I stumbled accross your blog whilst perusing the world of street furniture on the Web.
My company manufactures traditional cast iron street furniture, we have been going since 1907 on a site that has a rich history of casting way before this. Records from 1860 show a foundry on this site and indicate that it was far from new even then.
We hold patterns for many of Britains traditional style bollards, the Oxford, City of London, Exeter, Manchester, Blackpool, Liverpool - the list goes on into the hundreds.
We still cast these bollards including a few versions of your beloved Cannon! - Not made from old cannons unfortunately but not too many were, they were mainly cast to look like they were.

Nowadays, all our castings are from 100% recycled materials but we still stick to the high standards of design and quality of the past. As you probably know, much of the modern versions of the traditional street furniture items are imported from China and other such places, whilst there is nothing particularly wrong with these products they can be of questionable quality at times and environmentally are not great - I also consider them to be a bit soul-less.

The importing of Iron from China is quite interesting. Granted, there are comparatively few foundries left in the UK but they are far from rare. (There are 3 within a 25 mile radius of our own - but we are in the industrial North!). People can save money importing their iron but there is so much lost in the process. It is fine if somebody wants 10,000 bollards that all look the same but who wants to live in a world like that?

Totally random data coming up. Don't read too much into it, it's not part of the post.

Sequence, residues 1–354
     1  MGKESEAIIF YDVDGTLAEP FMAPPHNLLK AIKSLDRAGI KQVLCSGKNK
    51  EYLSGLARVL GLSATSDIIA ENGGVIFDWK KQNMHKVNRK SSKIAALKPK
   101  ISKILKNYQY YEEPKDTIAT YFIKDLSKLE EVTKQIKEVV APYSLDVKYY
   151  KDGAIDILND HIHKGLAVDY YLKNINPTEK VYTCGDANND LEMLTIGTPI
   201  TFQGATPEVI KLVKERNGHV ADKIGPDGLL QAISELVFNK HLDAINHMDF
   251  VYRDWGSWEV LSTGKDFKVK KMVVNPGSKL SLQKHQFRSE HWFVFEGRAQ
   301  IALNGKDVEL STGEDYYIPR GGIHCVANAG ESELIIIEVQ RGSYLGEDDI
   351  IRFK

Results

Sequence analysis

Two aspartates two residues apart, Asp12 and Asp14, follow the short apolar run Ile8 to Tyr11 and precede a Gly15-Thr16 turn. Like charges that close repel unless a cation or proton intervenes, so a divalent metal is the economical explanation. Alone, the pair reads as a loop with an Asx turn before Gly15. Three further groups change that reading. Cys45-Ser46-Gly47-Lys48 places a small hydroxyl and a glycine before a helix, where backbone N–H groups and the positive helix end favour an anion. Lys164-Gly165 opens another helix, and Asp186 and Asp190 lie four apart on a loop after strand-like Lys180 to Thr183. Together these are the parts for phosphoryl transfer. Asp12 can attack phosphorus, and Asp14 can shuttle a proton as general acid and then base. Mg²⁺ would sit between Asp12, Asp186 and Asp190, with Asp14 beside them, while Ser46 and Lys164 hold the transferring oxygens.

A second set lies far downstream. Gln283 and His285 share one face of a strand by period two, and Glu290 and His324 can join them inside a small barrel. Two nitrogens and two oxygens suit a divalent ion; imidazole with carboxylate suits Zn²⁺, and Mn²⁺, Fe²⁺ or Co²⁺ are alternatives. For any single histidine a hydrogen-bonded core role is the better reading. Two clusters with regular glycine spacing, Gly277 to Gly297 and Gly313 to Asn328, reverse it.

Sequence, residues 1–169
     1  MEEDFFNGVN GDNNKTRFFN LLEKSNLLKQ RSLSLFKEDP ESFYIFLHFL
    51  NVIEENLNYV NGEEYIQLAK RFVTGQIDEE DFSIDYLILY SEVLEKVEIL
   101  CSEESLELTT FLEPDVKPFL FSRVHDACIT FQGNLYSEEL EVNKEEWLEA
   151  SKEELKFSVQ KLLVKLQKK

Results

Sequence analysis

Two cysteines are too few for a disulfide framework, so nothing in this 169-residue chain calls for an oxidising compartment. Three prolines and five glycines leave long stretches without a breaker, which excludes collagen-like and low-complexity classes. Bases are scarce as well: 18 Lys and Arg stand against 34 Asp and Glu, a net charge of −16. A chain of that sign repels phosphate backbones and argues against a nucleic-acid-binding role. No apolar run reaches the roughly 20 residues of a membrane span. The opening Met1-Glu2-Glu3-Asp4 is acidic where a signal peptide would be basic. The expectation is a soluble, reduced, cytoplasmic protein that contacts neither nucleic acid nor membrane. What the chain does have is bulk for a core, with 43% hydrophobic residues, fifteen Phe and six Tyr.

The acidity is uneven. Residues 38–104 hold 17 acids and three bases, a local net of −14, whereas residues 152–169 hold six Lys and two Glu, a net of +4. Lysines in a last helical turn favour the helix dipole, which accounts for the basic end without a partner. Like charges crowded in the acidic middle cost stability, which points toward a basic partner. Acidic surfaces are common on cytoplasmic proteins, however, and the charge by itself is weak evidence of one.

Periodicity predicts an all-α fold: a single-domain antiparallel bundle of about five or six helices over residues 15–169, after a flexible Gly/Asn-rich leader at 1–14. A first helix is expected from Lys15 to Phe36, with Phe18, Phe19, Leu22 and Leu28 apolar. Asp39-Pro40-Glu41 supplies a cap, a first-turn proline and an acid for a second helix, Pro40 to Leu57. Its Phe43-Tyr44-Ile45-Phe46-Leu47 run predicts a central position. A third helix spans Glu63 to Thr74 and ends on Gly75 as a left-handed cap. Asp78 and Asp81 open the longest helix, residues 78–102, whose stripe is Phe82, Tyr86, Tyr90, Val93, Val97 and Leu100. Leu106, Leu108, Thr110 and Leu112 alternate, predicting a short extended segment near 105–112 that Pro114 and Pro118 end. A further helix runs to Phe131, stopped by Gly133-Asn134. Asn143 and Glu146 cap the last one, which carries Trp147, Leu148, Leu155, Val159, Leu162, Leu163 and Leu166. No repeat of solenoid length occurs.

We like to make things that WILL be there in 100 years (there are some of our bollards around that are that old). There is a good feeling when a post or bollard is supplied and you know that it's really going to last - unless of course an Articulated Truck ploughs it over, but then it has done its job (better the bollard than the human) and that's also the modern world.
It is good to stumble accross people who have a passion for street furniture and traditional products. We still cast everything the old way here - sand mould, made on site and poured as airset castings on the foundry floor. We manufacture modern items too (we are a business after all) but our passion is for cast iron and traditional values.

Please feel free to follow these links - they may be of a little interest:
www.castironbollards.co.uk - our site dedicated to cast iron bollards
www.asfco.co.uk - our main street furniture site
www.wbwhitefoundry.co.uk - just so you can visit our Foundry!
All the best, Scott Chafer
With an attitude to quality like that I can see future bloggers eagerly snapping photos of Scott's bollards in the next century! Good luck to him and his company and long may they prosper.

1 comment:

Lucy R. Fisher said...

Perhaps you could solve the mystery of the buried bollards of Royal Oak: http://www.flickr.com/photos/37553027@N02/5707682115/ They seem to be hacked out of granite. And they seem to have been there before the building they are half sunk in, and before the railway bridge (the slope up to it has half-buried one of them). So they must be pre-railway.